Long-term disability insurance is designed to provide compensation for those who become injured or ill and are no longer able to return to work. Payments are offered on a monthly basis based on your earnings and can offset any expenses that result from being unable to return to work.
Typically, long-term disability payments cover anywhere from 50% to 80% of the salary that you had prior to becoming disabled. The duration of long-term disability payments depends on your particular policy; some may last anywhere from 5 to 10 years. Others may have policies that insure them until they are 65.
When it comes to long-term disability payments, there are a lot of frequently asked questions, one of which is whether long-term disability payments are tax-deductible.
Take a look below to help understand just what aspects of long-term disability premiums and payments are or are not tax deductible.
Are Long-Term Disability Payments Taxable?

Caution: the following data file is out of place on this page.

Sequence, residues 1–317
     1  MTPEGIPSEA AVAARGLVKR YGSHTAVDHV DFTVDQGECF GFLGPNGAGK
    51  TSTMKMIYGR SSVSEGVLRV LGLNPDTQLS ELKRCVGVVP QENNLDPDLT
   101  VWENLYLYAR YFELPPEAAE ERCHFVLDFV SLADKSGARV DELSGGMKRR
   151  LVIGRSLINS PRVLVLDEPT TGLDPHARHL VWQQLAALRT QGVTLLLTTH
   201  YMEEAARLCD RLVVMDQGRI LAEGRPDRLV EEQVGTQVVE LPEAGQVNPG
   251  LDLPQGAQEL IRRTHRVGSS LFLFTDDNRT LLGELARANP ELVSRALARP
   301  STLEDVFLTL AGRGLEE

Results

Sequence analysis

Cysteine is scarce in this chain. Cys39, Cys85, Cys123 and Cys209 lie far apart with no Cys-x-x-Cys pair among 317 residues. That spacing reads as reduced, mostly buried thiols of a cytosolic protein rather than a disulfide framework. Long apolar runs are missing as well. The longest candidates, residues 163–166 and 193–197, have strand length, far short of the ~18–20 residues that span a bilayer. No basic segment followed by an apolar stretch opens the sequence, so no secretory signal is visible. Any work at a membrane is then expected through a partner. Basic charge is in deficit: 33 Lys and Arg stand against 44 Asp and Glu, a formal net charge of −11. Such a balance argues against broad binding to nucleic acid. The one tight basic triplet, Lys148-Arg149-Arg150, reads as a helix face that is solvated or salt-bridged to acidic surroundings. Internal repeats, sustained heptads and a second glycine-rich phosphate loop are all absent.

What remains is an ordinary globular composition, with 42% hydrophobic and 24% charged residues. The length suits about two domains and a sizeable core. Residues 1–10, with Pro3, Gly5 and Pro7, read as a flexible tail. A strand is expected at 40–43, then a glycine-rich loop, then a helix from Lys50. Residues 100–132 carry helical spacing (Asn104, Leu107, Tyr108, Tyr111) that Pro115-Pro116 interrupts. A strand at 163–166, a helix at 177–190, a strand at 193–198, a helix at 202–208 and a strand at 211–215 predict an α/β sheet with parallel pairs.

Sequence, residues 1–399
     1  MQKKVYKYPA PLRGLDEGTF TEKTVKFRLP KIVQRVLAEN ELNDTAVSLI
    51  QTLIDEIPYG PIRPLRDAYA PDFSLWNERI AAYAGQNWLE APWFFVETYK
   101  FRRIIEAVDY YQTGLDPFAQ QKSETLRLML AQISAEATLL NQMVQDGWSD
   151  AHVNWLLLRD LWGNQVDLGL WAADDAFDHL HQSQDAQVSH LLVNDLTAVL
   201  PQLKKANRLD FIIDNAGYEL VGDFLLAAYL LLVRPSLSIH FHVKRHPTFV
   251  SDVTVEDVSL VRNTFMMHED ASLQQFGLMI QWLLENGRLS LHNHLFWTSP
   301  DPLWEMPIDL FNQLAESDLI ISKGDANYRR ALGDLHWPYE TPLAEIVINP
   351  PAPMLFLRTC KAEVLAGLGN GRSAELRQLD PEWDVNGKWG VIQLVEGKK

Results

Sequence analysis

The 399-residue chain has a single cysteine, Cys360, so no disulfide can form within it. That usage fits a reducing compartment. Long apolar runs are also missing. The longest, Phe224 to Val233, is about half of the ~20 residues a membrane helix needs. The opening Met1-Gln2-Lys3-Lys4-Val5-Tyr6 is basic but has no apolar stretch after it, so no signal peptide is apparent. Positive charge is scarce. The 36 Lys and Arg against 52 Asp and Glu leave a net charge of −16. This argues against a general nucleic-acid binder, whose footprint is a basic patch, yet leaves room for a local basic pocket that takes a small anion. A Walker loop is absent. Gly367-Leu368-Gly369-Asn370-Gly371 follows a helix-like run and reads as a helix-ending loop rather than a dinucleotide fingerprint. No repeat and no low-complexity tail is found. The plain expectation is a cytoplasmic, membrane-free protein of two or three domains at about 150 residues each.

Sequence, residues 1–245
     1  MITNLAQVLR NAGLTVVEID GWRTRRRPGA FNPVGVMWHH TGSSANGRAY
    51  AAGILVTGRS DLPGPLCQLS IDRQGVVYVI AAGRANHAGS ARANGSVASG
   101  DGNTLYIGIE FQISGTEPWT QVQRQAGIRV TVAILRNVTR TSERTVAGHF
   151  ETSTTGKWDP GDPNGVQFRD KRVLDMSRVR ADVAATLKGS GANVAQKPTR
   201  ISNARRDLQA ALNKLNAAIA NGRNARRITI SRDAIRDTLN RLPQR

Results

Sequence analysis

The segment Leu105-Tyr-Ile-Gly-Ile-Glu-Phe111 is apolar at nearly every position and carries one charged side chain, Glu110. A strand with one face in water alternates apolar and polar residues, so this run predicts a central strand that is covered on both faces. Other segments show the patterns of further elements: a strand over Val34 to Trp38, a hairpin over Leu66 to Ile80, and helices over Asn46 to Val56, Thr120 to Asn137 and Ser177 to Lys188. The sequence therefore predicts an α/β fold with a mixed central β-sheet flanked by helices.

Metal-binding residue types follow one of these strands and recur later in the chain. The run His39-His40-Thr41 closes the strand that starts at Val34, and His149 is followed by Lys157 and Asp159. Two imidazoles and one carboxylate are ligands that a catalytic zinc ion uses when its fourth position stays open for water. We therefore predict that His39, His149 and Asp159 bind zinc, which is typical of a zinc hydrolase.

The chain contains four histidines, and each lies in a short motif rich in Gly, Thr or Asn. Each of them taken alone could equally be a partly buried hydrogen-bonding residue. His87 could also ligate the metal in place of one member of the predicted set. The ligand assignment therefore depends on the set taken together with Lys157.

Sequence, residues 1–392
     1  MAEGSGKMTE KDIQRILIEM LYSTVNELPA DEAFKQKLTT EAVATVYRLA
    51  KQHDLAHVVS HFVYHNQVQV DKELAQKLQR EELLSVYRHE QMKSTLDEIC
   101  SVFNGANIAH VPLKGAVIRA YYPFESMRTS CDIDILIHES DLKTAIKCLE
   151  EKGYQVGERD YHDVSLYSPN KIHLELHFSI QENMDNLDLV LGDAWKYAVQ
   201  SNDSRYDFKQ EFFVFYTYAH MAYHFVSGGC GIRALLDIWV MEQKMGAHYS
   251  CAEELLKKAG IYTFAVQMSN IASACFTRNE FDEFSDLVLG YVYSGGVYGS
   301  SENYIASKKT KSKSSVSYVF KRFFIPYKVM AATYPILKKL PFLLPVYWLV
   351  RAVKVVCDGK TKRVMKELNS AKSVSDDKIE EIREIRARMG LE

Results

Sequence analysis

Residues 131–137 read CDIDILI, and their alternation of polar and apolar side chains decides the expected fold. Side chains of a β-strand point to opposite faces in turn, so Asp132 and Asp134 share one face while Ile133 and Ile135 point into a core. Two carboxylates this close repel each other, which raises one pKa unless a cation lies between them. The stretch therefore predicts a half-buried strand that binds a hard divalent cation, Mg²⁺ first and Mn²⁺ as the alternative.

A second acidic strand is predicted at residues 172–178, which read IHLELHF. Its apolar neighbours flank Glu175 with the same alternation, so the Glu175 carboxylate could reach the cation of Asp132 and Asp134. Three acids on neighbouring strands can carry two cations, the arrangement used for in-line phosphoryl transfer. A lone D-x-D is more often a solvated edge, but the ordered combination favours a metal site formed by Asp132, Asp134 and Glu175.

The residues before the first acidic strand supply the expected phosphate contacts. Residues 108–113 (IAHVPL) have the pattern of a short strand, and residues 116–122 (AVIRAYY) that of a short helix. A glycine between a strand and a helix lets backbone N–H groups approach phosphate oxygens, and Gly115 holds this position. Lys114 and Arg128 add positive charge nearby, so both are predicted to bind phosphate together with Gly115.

The answer to this question depends. In some cases, long-term disability payments are taxable. In other cases, they are not.
For example, if you have your own disability insurance policy and you make the payments, any payments you receive from long-term disability insurance are not taxable. Likewise, if your policy was obtained through your employment but you pay all of the premiums, then your monthly benefits are not taxable income.
However, if the employer makes the payments for long-term disability insurance, then long-term disability payments may be taxable. This depends on how the payments were handled by your employer.
If all employees have their payments made by the employer, and the sum of those payments is counted toward your taxable income, then payments made to you if you go on long-term disability will not be taxed.
If, however, the payments made into long-term disability by your employer are not counted as taxable income, then you any payments made to you if you go on long-term disability will be taxable.